Northern bluets are probably the most widespread and abundant aquatic damselflies. They are found in northern latitudes around the world. In North America these bluets are seen from Alaska to the Hudson Bay south to approximately Virginia and throughout California. Originally all northern bluets were classified as Enallagma cyanthigerum. In approximately 2005, genetic studies demonstrated that the Eurasian and North American northern bluets separated about 250,000 years ago and that they are two different genetic species. The North American northern bluets were given the scientific name Enallagma annexum and the Eurasian species retained the E. cyanthigerum appellation. The older literature and most field guides still do not make the distinction between the two species of northern bluets. Confusing, yes! DNA analysis is clarifying many classification questions, and at the same time creating other difficulties.
No matter what its scientific name, the northern bluet is a beautiful insect that belongs to the group of damselflies known as pond damsels. The male northern bluet is mostly blue on the upper side of the thorax with a conspicuous black stripe on the top of the thorax and thinner black stripes on the shoulders. The flexible abdomen is also mostly blue with black stripes. Northern bluets resemble blue jewels as they flit among the vegetation. Like most other damselflies, northern bluets hold their wings together when perched. The eyes are set far apart and have a “hammerhead” look. Females are olive green to brown or a much duller blue and have more black on the upper side of their abdomens. (Most of the time dragonflies can be easily distinguished from damselflies in the field because dragonflies hold their wings open and flat when perched and their eyes are close together.)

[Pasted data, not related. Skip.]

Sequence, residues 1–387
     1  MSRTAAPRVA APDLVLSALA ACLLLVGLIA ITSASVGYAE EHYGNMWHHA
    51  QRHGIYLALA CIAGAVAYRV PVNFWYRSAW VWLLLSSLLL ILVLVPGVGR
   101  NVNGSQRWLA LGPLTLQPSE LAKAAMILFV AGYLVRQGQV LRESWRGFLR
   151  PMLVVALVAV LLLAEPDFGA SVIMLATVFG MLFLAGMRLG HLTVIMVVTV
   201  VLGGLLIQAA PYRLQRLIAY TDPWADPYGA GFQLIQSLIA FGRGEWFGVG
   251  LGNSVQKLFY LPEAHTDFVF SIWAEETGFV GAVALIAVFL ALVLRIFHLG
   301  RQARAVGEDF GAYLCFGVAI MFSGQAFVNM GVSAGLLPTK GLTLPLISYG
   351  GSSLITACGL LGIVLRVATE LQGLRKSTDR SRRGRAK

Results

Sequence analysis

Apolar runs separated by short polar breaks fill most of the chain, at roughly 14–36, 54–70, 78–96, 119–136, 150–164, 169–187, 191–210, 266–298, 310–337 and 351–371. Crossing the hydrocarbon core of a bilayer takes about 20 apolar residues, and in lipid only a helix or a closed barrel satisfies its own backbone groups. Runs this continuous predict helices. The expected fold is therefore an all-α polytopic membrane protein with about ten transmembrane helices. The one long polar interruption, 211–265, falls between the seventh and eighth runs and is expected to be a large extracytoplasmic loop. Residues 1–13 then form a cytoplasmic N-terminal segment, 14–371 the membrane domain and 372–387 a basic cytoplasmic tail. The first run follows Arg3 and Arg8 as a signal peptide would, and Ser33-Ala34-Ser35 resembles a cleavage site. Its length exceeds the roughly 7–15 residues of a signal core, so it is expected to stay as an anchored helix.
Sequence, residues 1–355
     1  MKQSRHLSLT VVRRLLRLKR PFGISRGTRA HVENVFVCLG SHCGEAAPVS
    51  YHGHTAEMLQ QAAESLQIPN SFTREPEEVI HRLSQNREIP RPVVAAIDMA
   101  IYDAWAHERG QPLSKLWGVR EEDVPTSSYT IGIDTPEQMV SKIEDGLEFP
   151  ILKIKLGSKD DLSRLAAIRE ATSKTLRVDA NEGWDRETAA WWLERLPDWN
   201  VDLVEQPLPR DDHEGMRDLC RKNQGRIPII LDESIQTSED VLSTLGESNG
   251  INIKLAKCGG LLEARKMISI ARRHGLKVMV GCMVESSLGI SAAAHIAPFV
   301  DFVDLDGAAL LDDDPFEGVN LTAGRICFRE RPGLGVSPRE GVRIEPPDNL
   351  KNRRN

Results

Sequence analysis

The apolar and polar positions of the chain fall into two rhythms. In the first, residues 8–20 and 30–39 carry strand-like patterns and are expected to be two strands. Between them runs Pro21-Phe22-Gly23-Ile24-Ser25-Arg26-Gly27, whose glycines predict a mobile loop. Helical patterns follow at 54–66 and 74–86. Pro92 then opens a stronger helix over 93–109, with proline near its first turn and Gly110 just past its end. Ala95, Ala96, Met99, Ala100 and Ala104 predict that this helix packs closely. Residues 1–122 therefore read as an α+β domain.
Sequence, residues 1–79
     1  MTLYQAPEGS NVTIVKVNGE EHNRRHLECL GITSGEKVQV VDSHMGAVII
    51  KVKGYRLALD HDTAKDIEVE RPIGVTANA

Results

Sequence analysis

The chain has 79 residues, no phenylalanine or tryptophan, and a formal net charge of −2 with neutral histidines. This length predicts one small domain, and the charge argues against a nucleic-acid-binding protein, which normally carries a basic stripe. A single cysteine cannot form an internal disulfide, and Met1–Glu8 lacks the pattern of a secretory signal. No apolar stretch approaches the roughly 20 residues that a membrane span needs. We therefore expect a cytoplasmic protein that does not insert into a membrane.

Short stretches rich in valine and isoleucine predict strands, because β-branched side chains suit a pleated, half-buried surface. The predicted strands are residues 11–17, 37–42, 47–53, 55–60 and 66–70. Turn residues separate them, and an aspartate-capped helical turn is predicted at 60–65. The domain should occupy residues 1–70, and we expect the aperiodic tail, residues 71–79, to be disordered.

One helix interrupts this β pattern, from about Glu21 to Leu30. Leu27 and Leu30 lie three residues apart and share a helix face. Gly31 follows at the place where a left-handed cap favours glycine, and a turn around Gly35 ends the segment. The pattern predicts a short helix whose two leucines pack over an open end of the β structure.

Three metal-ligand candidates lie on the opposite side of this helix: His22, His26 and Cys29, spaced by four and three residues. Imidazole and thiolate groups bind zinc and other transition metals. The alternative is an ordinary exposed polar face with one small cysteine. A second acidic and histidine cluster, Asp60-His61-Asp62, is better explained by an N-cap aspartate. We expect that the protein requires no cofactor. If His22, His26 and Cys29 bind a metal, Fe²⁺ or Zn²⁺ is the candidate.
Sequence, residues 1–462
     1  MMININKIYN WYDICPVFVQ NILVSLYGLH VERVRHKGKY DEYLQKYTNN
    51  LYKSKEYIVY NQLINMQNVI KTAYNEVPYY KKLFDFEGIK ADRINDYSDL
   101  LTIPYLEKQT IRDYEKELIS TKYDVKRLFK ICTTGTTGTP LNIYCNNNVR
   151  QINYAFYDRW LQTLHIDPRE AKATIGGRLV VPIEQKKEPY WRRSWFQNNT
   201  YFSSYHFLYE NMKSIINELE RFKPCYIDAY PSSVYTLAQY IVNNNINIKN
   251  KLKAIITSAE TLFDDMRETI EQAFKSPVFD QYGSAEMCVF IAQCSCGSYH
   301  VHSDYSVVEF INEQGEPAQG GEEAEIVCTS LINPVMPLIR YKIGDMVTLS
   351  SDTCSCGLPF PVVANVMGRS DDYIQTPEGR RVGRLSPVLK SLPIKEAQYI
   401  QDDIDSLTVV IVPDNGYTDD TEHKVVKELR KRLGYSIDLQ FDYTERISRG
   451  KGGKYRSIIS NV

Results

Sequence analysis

Northern bluets are found around lakes, ponds, marshes or slow-moving streams in a wide variety of habitats, from the sagebrush desert to mountain lakes.
The damselfly life cycle consists of egg, larval (also called nymph) and adult stages. While in the larval stage, damselflies go through several molts (or instars) before emerging as adults. Larvae eat aquatic insects. The adult northern bluet’s diet consists of small insects from plants, such as aphids, and soft-bodied flying insects including flies, mayflies, mosquitoes, and small moths. After mating northern bluets will begin to lay their eggs on aquatic vegetation then will move to the water and oviposit eggs below the surface. When the female northern bluet moves to the water to lay eggs she will go below the surface. The male guards the female while she is under the water and then helps her get back out of the water.
These northern bluets were photographed at Manzanita Lake in Lassen National Park (CA).